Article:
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Insurers are getting nervous as Hurricane Laura is set to make landfall as a powerful Category 4 storm

August 26, 2020, 5:49 PM UTC

With Hurricane Laura forecast to make landfall tonight as a potentially catastrophic Category 4 storm somewhere along the Louisiana-Texas border, insurance companies are bracing for losses.

Based on the current forecast storm track, it looks likely that Houston will be spared a direct hit from Laura. That’s important because insured losses are largely determined by population density and property values.

Insurance industry insiders have been discussing estimates of insured losses that range between $10 billion and $20 billion, according to a report on Artemis.bm, a website that tracks activity in the market for insurance-linked securities. These are financial instruments that insurers and reinsurance companies use to hedge their own risk—and which specialized funds and hedge funds often invest in for their potential outsized returns.

But if the storm shifts west at the last minute and comes closer to Houston, insured losses could rise dramatically. Hurricane Ike, a Category 4 storm that hit Houston in 2008, caused about $20 billion in insured losses in today’s dollars. Harvey, another Category 4 hurricane, that struck the region in 2017 caused damages far in excess of that after the storm stalled after making landfall, inundating the region with days of heavy rain.

Even losses in the low double-digit billions will spell trouble for the insurance industry, according to Credit Suisse analysts.

In a report published earlier this week, the Swiss bank said that losses in this range from Laura, coming on top of damage from Hurricane Isais earlier this month and the unusual “derecho” storm that pulverized the Midwest, the on-going California wildfires, as well as recent events like the devastating explosion in Beirut, was likely to completely exhaust the money that reinsurance companies had budgeted for catastrophes this year.

The analysts said that most reinsurance companies would likely be able to rebuild their balance sheets through higher premiums next year. But some property and casualty insurance companies could struggle to recoup any losses, the bank said.

Industry insiders also think that the COVID-19 pandemic may make things worse, because some loss adjustors are reluctant to work in areas with high infection rates. In general, delays in getting loss adjustors on the scene of a disaster increases the total cost of insurance claims.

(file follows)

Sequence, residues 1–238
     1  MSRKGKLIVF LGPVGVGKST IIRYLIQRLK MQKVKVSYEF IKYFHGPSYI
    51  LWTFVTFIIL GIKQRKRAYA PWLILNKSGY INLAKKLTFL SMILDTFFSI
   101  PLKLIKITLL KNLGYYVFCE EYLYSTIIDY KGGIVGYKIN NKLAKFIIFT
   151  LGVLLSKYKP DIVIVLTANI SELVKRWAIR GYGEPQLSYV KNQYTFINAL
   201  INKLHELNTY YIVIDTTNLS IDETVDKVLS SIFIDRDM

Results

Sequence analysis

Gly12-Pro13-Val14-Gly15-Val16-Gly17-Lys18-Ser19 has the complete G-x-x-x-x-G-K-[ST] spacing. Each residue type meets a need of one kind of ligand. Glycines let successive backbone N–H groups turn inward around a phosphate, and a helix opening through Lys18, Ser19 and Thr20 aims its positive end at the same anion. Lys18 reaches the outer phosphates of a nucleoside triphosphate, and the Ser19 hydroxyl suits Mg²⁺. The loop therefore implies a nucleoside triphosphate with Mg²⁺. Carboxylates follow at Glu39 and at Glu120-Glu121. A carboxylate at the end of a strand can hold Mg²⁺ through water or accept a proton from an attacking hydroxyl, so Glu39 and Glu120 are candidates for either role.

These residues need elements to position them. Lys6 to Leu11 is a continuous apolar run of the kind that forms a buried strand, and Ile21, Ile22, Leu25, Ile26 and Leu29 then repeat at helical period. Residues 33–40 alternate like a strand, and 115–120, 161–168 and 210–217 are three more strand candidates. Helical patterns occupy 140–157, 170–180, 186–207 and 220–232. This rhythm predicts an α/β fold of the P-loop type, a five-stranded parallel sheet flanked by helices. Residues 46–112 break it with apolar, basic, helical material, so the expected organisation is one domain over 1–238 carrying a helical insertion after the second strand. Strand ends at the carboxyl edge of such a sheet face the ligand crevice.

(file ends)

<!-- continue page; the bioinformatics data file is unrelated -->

Those factors have lead to a surge in trading for catastrophe bonds in the past few days, according to Artemis. Catastrophe bonds are issued by reinsurance companies as a way to hedge some of their own risk from devastating hurricanes, fires, floods and earthquakes. The bonds pay a high interest rate—often between 7% and 15% per year—but if the insured losses from a particular event exceed a specified threshold, the creditors lose their entire principle.

Inverstors have also been scrambling to trade a different kind of insurance-linked security called an industry loss warranties, according to Artemis. These are derivative contracts that an investor, usually an insurance company, can buy as a way of further hedging their risks from natural disasters. The contracts pay the investor an agreed amount if the total insurance industry losses from a certain event exceed a specified level.

For instance, an insurance company might want to buy a contract that will pay them $100 million if the total insured losses from a Gulf hurricane striking Texas or Louisiana exceed of $20 billion. But the investor pays the underwriter on the other side of the deal, usually either a reinsurance company or a hedge fund, a premium for writing the contract—say, 15% of the contract amount, or $15 million in this case—and those premiums are rising rapidly as Laura churns towards the Southern U.S.